• We use only thread and process
    • Process
      • Container for related threads and their resources
      • Created upon start of program and by programs (child processes)
      • Unit of management and protection (threads from different processes are isolated from another)
    • Thread
      • Unit of scheduling and concurrency
      • Sequence of instructions (to be executed on CPU core)
      • Single process may contain just one or several threads, e.g.:
        • Online game: different threads with different code for game AI, GUI events, network handling
        • Web server handling requests from different clients in different threads sharing same code

3.2.1 Threads!

Threads!

Threads!

© 2016 Julia Evans, all rights reserved; from julia's drawings. Displayed here with personal permission.

3.2.2 Process Aspects (1/3)

What's in a process?

What's in a process?

© 2016 Julia Evans, all rights reserved; from julia's drawings. Displayed here with personal permission.

3.2.3 Process Aspects (2/3)

  • Approximately, process ≈ running program
    • E.g., text editor, game, audio player
    • OS manages lots of them simultaneously
  • Really, process = “whatever your OS manages as such”
    • OS specific tools to inspect processes (research on your own!)

3.2.4 Process Aspects (3/3)

  • Single program may create multiple processes, e.g.:
  • Many-to-many relationship between “applications” and processes
    • E.g., GNU Emacs provides lots of “applications”
      • Core process includes: Text editor, chat/mail/news/RSS clients, Web browser, calendar
      • On-demand child processes: Spell checker, compilers, PDF viewer

3.3 Processes vs Threads

Classification of Processes and Threads from Anderson et al. (1997)

Classification of Processes and Threads from Anderson et al. (1997)

3.4 JiTT Assignments

Work through the following tasks. Submit solutions in Learnweb.

3.4.1 Ticket to Exam

  • Solve The Command Line Murders
    • Game, which teaches use of the Bash command line
    • Command line = shell = text-mode user interface for OS
      • Create processes for programs or scripts
    • Different shells come with incompatible features
  • Task
    • Access files for game
      • Download or clone with git clone https://github.com/veltman/clmystery.git
      • Or access on university server (Learnweb announcement)
    • Play game according to its README
    • While solving the case, you may want to see line no. 179 of some (large) text file
    • Submit commands to view line 179 of some text file, using head and tail, with short explanation
  • (Command line examples show up throughout this course; details of file handling to be revisited in presentation on processes)

Using Bash as Command Line

  • Where/how to start Bash as command line
  • Basic hints for The Command Line Murders
    • Game’s cheatsheet is misnamed; it contains essential information to get you started
    • Once on command line, maybe try this first:
      • ls (short for “list”) to view contents of current directory
      • pwd (short for “print working directory”) to print name of current directory
      • cd replace-this-with-name-of-directory-of-mystery (short for “change directory”) to change directory to chosen location, e.g., location of mystery’s files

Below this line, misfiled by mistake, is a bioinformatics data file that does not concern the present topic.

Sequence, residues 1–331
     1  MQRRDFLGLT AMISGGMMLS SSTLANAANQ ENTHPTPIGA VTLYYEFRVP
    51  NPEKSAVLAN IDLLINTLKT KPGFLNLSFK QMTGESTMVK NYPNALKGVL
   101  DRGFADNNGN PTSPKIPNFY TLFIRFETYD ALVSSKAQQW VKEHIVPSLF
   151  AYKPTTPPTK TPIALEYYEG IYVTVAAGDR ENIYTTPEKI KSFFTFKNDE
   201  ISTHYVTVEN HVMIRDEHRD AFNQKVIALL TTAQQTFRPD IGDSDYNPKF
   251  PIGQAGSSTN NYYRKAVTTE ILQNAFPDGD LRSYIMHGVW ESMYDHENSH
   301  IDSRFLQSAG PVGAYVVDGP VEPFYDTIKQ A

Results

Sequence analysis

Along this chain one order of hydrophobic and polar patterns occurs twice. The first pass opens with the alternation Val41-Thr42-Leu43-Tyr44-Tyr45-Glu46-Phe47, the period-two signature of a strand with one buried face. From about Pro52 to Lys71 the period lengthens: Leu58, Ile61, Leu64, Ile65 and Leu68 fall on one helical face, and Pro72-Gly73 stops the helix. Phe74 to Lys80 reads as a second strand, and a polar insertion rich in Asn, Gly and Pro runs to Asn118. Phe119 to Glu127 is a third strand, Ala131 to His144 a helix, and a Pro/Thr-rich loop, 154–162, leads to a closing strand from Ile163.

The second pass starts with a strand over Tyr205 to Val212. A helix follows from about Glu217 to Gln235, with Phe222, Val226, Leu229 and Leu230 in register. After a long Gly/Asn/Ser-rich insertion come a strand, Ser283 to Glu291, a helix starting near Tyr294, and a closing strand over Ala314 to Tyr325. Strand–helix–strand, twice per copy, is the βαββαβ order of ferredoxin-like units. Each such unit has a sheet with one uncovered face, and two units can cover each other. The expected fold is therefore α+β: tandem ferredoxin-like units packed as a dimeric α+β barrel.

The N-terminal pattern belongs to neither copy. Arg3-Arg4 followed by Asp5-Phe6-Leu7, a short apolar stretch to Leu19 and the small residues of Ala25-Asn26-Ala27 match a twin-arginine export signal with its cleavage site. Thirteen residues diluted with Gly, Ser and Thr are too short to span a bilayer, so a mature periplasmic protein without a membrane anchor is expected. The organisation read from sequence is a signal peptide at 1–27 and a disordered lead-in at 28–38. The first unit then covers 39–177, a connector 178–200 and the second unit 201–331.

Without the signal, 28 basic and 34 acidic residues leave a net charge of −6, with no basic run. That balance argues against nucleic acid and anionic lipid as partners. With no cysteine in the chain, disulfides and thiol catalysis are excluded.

• man name-of-command shows manual page for name-of-command
        • Try man man first, then man ls
    • Afterwards, follow game’s README
      • (Which supposes that you changed to the directory with the game’s files already)

3.4.2 Processes and threads

  • Hack, MS-DOS, Java Virtual Machine, Windows 10, GNU/Linux, GNU/Linux prior kernel 1.3.56, GNU/Linux starting with kernel 1.3.56
    • GNU/Linux kernel 1.3.56 dates back to 1996
    • Use educated guessing there ;)

3.4.3 BattleThreads

Prepare the in-class session by reading the instructions for the game BattleThreads. Everyone should read Sections 1–3.

If your last name starts with one of the letters from “A” to “K”, also read Section 4; otherwise, also read Section 5.

3.4.4 Feedback

  • What did you find difficult or confusing about the contents of the presentation? Please be as specific as possible. For example, you could describe your current understanding (which might allow us to identify misunderstandings), ask questions that allow us to help you, or suggest improvements (maybe on GitLab). You may submit individual questions as response to this task or ask questions in our Riot room and the Learnweb forum. Most questions turn out to be of general interest; please do not hesitate to ask and answer in forum and Riot room. If you created additional original content that might help others (e.g., a new exercise, an experiment, explanations concerning relationships with different courses, …), please share.

4 In-Class Meeting

4.1 BattleThreads

  • Let’s play a variant of Battleship based on [HRB+03]
    • Our rules
    • Teams follow different rules
      1. Players of team = different processes
        • (Last names starting with “A” to “K”)
        • No shared data
        • Instead, explicit communication
      2. Players of team = threads within single process
        • (Last names starting with “L” to “Z”)
        • With shared data structure for game’s grid
    • Build teams
      • If last name starts with “A” to “K”, gather on right; otherwise, on left
      • Form teams of 4

5 Conclusions

5.1 Summary

  • OS is Software
    • that uses hardware resources of a computer system
    • to provide support for the execution of other software.
      • Computations are performed by threads.
      • Threads are grouped into processes.
  • OS kernel
    • provides interface for applications and
    • manages resources.

Bibliography

License Information

This document is part of an Open Educational Resource (OER) course on Operating Systems. Source code and source files are available on GitLab under free licenses.

Except where otherwise noted, this work, “OS01: OS Introduction”, is © 2017, 2018, 2019 by Jens Lechtenbörger, published under the Creative Commons license CC BY-SA 4.0.

No warranties are given. The license may not give you all of the permissions necessary for your intended use.

In particular, trademark rights are not licensed under this license. Thus, rights concerning third party logos (e.g., on the title slide) and other (trade-) marks (e.g., “Creative Commons” itself) remain with their respective holders.